A DOCTOR who worked at Ysbyty Gwynedd during the early part of the Covid-19 crisis has described Boris Johnson’s apology over lockdown drinks in the Downing Street garden as insulting.

Dr Saleyha Ahsan who lost her father to Covid in the pandemic, said she believes the Prime Minister’s situation is untenable.

The NHS doctor has recalled how she was sweating while working in full PPE around the same time as the event took place in May 2020

The doctor, who is currently on a clinical break and doing a PhD at Cambridge, was working at the hospital in Bangor in the early part of the Covid-19 crisis.

On Wednesday, Mr Johnson apologised in Parliament for attending the “bring your own booze” event, saying he went into the garden to thank staff for their efforts and stayed for 25 minutes.

“I believed implicitly that this was a work event,” he told MPs at an angry Prime Minister's Questions.

But Dr Ahsan said for anyone to suggest that people in Government were “working so super hard that they absolutely needed to go and have a bit of time out and a bit of a group ‘bring your own bottle’ gathering in the private gardens of 10 Downing Street is actually so super insulting”.

She added: “No-one has worked harder than frontline NHS workers. No-one, absolutely no-one and we didn’t do that.”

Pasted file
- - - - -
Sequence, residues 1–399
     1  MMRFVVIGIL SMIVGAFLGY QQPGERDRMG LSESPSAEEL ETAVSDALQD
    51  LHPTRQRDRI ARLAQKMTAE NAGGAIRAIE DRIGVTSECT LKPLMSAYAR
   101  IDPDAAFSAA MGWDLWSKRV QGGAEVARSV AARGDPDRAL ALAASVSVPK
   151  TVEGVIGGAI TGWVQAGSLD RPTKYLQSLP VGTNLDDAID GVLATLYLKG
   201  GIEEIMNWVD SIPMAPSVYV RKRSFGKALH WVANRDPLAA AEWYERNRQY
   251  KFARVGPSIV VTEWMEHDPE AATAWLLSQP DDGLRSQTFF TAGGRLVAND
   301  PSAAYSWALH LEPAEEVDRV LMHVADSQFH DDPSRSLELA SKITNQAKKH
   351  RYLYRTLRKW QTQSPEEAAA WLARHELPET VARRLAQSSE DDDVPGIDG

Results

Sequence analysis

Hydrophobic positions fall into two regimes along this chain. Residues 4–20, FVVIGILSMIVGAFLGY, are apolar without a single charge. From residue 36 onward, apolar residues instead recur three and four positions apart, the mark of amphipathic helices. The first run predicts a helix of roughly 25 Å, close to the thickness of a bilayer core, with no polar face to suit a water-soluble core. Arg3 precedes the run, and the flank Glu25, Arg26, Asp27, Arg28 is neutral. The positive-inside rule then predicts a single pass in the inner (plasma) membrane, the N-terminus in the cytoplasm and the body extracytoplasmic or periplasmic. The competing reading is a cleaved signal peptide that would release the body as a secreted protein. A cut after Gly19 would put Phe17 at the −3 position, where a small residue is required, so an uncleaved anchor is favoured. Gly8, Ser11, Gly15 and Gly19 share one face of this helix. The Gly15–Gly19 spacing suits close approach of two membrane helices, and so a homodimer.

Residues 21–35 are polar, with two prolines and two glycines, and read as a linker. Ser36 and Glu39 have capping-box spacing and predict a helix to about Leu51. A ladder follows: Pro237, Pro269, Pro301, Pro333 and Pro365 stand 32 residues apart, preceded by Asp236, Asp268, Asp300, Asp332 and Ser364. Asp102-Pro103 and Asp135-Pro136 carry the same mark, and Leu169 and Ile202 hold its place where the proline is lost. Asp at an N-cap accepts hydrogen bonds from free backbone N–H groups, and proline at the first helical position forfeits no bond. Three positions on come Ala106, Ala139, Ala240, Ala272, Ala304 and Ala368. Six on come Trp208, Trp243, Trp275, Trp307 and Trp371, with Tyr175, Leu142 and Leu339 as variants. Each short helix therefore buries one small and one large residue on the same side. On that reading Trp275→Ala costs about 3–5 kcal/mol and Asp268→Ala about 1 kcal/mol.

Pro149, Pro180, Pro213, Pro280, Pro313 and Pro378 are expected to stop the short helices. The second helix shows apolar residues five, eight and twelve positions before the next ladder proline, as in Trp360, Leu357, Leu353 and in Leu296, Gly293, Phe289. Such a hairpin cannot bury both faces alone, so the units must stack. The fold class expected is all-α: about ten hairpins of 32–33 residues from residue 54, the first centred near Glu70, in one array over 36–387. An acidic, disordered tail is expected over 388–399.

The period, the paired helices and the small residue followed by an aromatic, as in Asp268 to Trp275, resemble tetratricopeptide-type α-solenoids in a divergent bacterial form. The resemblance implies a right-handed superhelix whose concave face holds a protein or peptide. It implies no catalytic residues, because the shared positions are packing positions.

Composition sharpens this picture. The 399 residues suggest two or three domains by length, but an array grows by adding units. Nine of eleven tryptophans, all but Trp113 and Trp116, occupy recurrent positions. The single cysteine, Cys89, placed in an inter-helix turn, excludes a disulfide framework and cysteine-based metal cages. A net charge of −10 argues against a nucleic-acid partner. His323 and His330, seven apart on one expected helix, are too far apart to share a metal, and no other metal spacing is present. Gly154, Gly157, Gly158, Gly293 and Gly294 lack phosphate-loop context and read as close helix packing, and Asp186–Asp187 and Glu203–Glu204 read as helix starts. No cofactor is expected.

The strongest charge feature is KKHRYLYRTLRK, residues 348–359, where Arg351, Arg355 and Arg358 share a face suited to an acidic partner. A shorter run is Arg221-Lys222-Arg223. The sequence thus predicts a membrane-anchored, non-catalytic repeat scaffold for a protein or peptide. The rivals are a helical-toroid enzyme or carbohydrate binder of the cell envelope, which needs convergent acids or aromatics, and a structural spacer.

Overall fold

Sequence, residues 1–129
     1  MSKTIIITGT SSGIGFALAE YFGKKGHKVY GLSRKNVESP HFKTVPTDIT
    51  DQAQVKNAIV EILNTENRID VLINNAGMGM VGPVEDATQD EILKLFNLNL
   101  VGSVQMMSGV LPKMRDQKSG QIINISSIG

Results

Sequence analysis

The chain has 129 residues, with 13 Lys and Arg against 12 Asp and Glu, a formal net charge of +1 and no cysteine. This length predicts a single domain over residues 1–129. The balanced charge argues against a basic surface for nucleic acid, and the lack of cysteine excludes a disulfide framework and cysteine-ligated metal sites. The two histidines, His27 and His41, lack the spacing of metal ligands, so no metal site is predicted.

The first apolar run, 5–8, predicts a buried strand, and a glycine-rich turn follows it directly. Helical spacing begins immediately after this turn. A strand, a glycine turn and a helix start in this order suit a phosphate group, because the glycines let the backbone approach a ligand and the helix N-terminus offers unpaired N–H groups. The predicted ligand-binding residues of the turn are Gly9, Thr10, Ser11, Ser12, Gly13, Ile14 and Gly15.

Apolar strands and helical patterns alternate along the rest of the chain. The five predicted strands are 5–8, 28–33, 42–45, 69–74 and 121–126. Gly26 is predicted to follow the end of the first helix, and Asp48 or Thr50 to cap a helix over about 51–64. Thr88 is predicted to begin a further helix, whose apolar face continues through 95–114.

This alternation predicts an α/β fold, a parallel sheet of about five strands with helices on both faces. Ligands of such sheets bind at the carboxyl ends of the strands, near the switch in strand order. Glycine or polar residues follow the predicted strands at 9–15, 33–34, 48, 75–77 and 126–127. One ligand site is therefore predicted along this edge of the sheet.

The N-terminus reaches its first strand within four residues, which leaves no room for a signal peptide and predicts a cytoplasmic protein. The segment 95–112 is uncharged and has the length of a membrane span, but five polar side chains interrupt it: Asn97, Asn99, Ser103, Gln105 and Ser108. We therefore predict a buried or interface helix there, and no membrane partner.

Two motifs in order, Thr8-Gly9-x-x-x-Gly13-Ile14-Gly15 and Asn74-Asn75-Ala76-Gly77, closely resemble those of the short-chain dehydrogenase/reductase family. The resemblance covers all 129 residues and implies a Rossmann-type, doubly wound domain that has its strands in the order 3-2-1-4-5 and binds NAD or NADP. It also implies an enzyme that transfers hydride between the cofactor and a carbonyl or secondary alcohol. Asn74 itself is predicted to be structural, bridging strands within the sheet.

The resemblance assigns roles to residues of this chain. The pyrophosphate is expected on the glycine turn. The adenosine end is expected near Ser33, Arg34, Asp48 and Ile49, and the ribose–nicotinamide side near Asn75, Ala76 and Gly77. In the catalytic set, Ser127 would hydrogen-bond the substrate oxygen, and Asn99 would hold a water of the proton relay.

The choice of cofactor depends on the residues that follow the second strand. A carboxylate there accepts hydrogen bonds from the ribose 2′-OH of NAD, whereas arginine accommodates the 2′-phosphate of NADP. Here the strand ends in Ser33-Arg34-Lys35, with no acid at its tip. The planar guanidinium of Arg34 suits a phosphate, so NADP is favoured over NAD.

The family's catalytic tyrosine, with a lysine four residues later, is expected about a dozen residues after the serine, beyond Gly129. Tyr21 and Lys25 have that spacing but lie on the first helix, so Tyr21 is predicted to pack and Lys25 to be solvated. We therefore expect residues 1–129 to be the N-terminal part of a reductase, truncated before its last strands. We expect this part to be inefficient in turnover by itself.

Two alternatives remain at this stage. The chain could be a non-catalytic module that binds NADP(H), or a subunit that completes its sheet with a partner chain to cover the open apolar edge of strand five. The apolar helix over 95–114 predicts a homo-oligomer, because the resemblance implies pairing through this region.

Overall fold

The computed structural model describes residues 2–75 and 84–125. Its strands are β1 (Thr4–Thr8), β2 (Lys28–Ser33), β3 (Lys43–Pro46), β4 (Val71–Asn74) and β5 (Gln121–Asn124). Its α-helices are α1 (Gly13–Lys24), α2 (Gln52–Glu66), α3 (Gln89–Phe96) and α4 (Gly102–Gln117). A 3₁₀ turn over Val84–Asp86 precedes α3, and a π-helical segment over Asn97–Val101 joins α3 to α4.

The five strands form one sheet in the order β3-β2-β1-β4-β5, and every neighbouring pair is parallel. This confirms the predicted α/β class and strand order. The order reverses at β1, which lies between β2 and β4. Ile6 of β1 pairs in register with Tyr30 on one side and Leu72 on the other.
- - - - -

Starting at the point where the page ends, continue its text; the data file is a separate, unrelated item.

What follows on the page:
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She said hearing of “yet another wrongdoing, another slip-up” by those at the top of Government is “traumatising”, saying healthcare workers “collectively feel insulted”.

She said: “What it does, it reminds us of what we were doing at that time.

“And what was I doing in May 2020? I was dressed in PPE (personal protective equipment). Yeah, the weather was warm. I was sweating. Trying not to pass out every time I went into the contamination room to see a patient who had Covid in our full PPE. We weren’t going out in the evenings to gather as colleagues to have drinks.”

Dr Ahsan, who became involved with the Covid-19 Bereaved Families for Justice group after the death of her father Ahsan-ul-Haq Chaudry in December 2020, said Mr Johnson’s apology was a “weak response”.

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She said: “I think it was weak. I think it was poor. It didn’t take ownership. It did fall far below what he should have done, which is put his hands up, admit what he’d done, admit that he’s a liability.

“And I think fair enough that his situation now as Prime Minister is untenable.”

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